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Scales v. Warrick County Sheriff's Department

Court of Appeals of Indiana

April 17, 2019

Kenneth Todd Scales, Appellant-Plaintiff,
v.
Warrick County Sheriff's Department, Appellee-Defendant

          Appeal from the Warrick Superior Court Cause No. 87D01-1709-MI-1498 The Honorable J. Zach Winsett, Judge

          Attorney for Appellant April L. Edwards Boonville, Indiana

          Attorney for Appellee Craig M. McKee Wilkinson, Goeller, Modesitt Wilkinson & Drummy, LLP Terre Haute, Indiana

          BAKER, JUDGE.

         [¶1] Kenneth Scales filed a petition for access to public records, seeking documents from the Warrick County Sheriff's Department (the Department) related to the disappearance and death of his daughter, Kristy Kelley. The Department moved for summary judgment, arguing that the records to which Scales sought access were investigatory records that the Department could withhold at its discretion. The trial court ruled in favor of the Department, and Scales now appeals. Finding that the documents are not investigatory records as described by our General Assembly, and consequently, that they may not be withheld from public disclosure at the Department's discretion, we reverse and remand with instructions.

         Facts[1]

         [¶2] The following represents the publicly known facts accumulated by the Department in its missing person's investigation.

         [¶3] On or about August 15, 2014, Kelley went missing. Kelley lived with her parents and two children in Boonville and worked at the local CVS. Three years before her disappearance, Kelley had divorced her daughter's father, Clay Kelley, because of finances and Clay's alleged drinking problem. Clay's father worked as a deputy for the Department, and Scales worked as a jailer for the Department. A few weeks before Kelley's disappearance, Clay vandalized Kelley's car and called her a bad mother. The two frequently argued, usually via text message. One text message that Kelley sent to Clay on August 9, 2014, shortly before her disappearance, said that "you would probably kill me and hide my body." Appellant's App. Vol III p. 36.

         [¶4] The night before she disappeared, Kelley went out to dinner with friends. At around 11 p.m., Kelley went to the VFW in Boonville because her friend, Terra Ellis, was bartending. When the bar started closing procedures, Kelley went to use the restroom and then left the VFW. Dennis Hill, the bar janitor, was present at the facility and was the last person who saw Kelley. At 3:30 a.m., Hill found Kelley's cell phone in the restroom. The last text message Kelley sent was time-stamped at 1:38 a.m. The police later interviewed Clay, who admitted that he and Kelley had been arguing over her current boyfriend just before she went missing. The police reviewed Kelley's phone for her last text messages, which revealed that Clay had been trying to meet with Kelley that night, but Kelley did not want to. Those very text messages had been deleted from Clay's phone. Surveillance video footage from a nearby restaurant shows a vehicle that appears to be Kelley's driving westward.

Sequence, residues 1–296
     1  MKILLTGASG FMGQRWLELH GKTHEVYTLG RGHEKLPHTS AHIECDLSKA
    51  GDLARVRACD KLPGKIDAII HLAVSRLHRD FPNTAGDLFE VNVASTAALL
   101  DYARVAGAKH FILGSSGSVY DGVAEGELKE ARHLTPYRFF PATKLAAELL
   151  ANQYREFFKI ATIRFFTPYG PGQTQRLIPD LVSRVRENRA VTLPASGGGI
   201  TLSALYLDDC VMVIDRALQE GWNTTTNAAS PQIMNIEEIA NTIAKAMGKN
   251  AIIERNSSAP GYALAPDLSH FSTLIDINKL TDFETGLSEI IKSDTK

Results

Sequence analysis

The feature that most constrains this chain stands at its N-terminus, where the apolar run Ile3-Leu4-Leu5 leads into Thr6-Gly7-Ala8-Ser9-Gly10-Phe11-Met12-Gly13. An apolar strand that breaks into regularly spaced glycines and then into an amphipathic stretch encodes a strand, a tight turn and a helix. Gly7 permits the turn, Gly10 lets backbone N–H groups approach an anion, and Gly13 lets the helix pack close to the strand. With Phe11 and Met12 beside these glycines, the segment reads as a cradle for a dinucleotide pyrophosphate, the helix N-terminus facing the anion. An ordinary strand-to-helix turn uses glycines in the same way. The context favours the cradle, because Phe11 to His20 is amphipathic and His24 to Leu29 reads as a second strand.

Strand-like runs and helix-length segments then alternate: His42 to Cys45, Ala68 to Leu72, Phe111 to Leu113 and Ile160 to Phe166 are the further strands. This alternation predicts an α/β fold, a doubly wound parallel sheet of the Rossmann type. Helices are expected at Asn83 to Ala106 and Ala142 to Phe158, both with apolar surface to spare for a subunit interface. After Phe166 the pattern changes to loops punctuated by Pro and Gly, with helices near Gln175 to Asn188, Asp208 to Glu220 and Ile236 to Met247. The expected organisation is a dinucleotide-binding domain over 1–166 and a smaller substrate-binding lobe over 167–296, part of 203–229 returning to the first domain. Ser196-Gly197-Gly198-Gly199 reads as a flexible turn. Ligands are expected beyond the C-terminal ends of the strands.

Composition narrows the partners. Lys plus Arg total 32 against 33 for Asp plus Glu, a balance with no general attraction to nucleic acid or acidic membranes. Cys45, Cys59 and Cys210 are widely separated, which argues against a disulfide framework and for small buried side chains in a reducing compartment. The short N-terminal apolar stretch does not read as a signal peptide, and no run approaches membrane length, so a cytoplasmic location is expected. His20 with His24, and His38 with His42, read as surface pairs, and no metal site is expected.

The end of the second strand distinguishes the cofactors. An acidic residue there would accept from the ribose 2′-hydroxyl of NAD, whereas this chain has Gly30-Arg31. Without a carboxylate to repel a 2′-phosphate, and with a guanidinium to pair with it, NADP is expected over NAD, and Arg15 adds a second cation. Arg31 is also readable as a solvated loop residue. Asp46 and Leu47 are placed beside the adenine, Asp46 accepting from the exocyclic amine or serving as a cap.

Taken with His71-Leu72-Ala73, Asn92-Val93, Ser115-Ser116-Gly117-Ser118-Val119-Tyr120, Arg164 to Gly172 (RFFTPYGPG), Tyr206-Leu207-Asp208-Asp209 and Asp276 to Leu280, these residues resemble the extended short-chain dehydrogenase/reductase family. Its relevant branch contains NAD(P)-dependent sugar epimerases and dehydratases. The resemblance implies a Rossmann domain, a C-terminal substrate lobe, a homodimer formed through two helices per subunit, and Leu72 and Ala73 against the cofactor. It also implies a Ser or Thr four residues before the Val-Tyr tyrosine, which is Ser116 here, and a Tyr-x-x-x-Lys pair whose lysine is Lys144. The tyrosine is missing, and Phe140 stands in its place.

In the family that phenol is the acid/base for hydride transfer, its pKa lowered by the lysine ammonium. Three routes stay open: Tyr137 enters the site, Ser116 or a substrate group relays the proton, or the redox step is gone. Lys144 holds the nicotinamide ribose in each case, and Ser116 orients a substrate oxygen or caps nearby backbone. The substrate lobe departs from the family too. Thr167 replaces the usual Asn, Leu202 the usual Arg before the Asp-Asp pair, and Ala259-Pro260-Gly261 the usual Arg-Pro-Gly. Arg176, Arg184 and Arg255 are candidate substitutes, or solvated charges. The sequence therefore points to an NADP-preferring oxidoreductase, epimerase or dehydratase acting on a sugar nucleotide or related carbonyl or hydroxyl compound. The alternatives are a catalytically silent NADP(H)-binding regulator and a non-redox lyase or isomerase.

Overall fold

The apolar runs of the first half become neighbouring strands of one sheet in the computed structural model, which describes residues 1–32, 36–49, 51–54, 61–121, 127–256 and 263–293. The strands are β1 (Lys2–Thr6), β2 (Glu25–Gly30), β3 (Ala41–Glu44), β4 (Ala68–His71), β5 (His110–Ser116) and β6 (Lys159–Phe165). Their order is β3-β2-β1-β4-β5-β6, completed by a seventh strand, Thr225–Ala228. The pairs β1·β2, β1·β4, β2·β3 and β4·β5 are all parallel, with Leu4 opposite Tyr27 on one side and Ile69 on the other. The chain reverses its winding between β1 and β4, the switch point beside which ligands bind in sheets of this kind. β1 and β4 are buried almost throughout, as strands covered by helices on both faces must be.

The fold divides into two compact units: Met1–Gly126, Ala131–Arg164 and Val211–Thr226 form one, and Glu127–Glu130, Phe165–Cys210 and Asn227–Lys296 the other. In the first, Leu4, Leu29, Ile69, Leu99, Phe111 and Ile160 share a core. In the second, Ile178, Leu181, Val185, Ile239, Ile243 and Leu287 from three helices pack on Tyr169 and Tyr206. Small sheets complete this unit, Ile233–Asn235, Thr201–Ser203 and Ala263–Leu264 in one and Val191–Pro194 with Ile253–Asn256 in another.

[¶5] The next day, after Kelley did not report to work, Scales became concerned and contacted the police. Local law enforcement opened a missing person's investigation. Shortly thereafter, the FBI, the Indiana State Police, and the Boonville Police Department became involved. Additionally, Scales requested that a sonar search group assist with the search at different locales. At all times, law enforcement referred to and classified Kelley's case as a missing person's investigation and not as a criminal investigation. The agencies worked together to acquire evidence, conduct interviews with potential witnesses, and gather documents. Sheriff Brett Kruse represented the Department throughout the entirety of the investigation. No criminal charges were ever filed.

         [¶6] More than one month later, on September 16, 2014, law enforcement discovered Kelley's vehicle at the bottom of a lake, with her body in the backseat. The vehicle had significant damage to the front end, the keys were found on Kelley's person and not in the ignition, and there were no signs of foul play. Less than twenty-four hours after Kelley's body was found, the coroner issued a report declaring that Kelley's death was the result of accidental asphyxiation caused by drowning. The Department closed its investigation.

         [¶7] On September 26, 2017, Scales filed a petition for access to records pursuant to the Indiana Access to Public Records Act (APRA). Specifically, Scales sought information related to the missing person's investigation surrounding Kelley's disappearance, discovery, and accidental death. Additionally, on October 11, 2017, Scales served a subpoena duces tecum on the Department, requesting the following information:

1.A copy of the video surveillance footage evidencing Kristy Kelley's vehicle after leaving the VFW on August 15, 2014.
2.Copies of any and all police reports, and supplements generated in the investigation of the missing person case involving Kristy Kelley, including any reports generated after she was subsequently located on September 16, 2014.
2.[sic] Copies of any and all interview statements.
3.Copies of all evidence logs.
4.Copies of any and all documents received by you from either the Indiana State Police and/or the FBI with respect to their investigation ...

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